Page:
Lesson 1, Topic 1
In Progress

1.8. Communicate responses in a manner that fits the situation

ryanrori January 28, 2021

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To deliver an outstanding experience, you must proactively interact with customers. Answering potential questions before they ask, providing them with information before they need it, and personalising communications based on previous interactions are all examples of proactive, exceptional customer service.

By using customer knowledge correctly, you can proactively interact with customers in an intelligent, compelling manner. Once you begin to anticipate customers’ needs and pre-empt problems, their satisfaction levels will rise, loyalty will increase, and you’ll see fewer customers defecting.

With access to information about a customer’s previous interactions with a company, frontline employees can provide personalised assistance, demonstrate that they understand the customer’s needs and preferences, and save customers from having to repeat themselves. They’ll also be able to appropriately address any problems that may occur during the course of each customer’s interactions with your company.

Give constructive feedback when interacting with customers

It’s amazing how simply giving feedback can lead to many successful endeavours. People are often intimidated by the thought of giving direct, constructive feedback, yet this is essential for successful work relationships.”

When it comes to feedback and customers, we often think about it the other way around – receiving feedback from customers. Just like your employees and work partners, what your customers do and think will have an impact on your business. 

In their book Office Practice, authors Neeltje Du Plessis and Mariette Dreyer explain “some complaints or queries are routine and can be solved in a few minutes. However, there are times when it will take longer to gather enough information or to refer it to the correct person. If this happens, customers must be kept informed of progress made. A customer should receive feedback on progress once a week until the complaint is resolved.”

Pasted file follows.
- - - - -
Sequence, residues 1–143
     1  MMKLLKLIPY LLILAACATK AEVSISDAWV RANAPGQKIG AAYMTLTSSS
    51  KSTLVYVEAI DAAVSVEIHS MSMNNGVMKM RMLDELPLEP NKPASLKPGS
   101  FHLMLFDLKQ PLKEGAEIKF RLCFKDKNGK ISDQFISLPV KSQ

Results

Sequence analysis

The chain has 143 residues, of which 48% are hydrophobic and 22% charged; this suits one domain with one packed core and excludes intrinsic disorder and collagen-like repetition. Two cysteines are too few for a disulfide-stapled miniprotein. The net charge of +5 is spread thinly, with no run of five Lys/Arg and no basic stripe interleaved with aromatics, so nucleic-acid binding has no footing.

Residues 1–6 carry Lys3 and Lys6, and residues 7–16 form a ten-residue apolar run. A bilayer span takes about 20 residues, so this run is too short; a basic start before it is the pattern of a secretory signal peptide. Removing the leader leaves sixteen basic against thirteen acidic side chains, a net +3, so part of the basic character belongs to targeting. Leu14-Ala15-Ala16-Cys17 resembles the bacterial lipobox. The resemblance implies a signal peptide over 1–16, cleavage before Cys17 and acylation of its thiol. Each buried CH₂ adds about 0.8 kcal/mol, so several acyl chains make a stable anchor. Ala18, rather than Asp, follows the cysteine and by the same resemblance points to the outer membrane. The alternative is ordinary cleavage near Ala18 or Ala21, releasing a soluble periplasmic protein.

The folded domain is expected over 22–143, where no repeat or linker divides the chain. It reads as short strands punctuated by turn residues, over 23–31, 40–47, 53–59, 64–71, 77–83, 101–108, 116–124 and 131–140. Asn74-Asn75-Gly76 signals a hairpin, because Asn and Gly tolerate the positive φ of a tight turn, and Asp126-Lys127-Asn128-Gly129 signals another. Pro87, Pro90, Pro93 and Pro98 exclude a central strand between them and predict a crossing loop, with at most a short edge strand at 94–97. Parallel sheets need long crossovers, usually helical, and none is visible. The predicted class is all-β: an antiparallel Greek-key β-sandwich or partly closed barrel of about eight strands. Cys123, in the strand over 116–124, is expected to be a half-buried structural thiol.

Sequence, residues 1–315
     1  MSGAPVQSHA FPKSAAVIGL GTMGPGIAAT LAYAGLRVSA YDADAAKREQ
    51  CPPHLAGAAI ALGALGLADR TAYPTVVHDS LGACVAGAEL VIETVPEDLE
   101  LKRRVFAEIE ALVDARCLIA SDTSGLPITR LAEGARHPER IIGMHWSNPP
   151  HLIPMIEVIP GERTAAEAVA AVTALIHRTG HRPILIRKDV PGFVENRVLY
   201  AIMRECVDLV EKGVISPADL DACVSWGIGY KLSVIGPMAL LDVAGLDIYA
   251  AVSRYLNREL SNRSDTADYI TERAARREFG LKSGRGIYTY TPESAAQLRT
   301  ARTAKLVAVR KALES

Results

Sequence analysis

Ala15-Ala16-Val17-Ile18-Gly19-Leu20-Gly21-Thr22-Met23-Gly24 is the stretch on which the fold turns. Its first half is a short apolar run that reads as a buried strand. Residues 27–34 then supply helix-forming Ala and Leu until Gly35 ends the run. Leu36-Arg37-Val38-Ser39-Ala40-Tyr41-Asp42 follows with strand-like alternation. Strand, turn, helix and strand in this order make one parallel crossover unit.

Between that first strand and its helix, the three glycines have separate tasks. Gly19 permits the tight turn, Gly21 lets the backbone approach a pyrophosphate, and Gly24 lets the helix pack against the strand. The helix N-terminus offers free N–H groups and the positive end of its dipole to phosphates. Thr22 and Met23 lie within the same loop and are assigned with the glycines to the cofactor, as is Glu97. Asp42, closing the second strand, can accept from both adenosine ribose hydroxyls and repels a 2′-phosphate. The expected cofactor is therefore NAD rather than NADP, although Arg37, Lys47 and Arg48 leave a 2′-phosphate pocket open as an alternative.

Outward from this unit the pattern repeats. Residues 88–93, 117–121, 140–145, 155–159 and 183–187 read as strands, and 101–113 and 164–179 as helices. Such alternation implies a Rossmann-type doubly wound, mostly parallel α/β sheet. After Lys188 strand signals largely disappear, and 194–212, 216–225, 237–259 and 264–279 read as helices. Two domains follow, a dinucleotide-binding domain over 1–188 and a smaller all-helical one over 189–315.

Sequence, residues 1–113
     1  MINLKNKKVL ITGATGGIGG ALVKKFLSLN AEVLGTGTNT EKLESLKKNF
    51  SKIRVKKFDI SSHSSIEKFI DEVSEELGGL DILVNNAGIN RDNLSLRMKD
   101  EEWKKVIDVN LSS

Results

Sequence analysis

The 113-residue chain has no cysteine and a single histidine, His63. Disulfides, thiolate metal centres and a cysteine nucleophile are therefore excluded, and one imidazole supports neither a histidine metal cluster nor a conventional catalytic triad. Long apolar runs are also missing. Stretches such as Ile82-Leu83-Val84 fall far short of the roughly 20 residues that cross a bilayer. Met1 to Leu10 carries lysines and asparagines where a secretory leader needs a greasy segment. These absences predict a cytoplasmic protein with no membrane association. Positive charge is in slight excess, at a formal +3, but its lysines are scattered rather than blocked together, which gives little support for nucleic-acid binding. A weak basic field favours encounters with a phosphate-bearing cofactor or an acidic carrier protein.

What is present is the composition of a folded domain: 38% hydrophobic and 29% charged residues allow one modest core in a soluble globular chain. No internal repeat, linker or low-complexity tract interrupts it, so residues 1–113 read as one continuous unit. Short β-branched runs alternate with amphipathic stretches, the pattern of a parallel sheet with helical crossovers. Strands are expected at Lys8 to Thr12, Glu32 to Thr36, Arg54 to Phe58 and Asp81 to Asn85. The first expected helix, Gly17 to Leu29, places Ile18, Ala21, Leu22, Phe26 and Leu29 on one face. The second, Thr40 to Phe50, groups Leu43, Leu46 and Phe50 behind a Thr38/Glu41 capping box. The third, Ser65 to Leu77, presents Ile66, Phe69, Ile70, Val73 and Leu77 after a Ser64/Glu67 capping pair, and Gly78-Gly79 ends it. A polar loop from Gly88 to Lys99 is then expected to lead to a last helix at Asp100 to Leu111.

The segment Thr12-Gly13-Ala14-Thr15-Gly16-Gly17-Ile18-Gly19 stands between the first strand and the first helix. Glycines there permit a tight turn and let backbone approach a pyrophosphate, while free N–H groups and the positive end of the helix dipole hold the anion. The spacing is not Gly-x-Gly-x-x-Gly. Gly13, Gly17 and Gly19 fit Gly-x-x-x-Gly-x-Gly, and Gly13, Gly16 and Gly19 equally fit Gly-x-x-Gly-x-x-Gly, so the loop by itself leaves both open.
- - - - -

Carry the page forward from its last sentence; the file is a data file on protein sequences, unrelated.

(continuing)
A good company will proactively seek feedback by contacting customers and listening and responding to their comments; by analysing feedback for product/ service improvements, market trends and opportunities; and using this information to develop a plan of action. Unfortunately, most companies rarely solicit feedback, so it’s up to the customer to initiate contact, and more often than not, this contact is the result of a problem.

Although the offer of feedback is always appreciated by a company, the manner in which the feedback is crafted can sometimes be destructive rather than constructive. At the same time, the manner in which a vendor chooses to respond to feedback can ultimately benefit or damage its reputation. Constructive feedback is a valuable tool, while destructive feedback is simply critical. It behoves both sides to work constructively together to reach a resolution to the issue.

Responding to feedback

In today’s crowded and competitive scientific landscape, customer service is often just as important as the quality of a vendor’s product or service. So, whether a customer is called upon to share his or her experience with a company or its product, or volunteers the information, he or she should be taken seriously and answered with the utmost professionalism.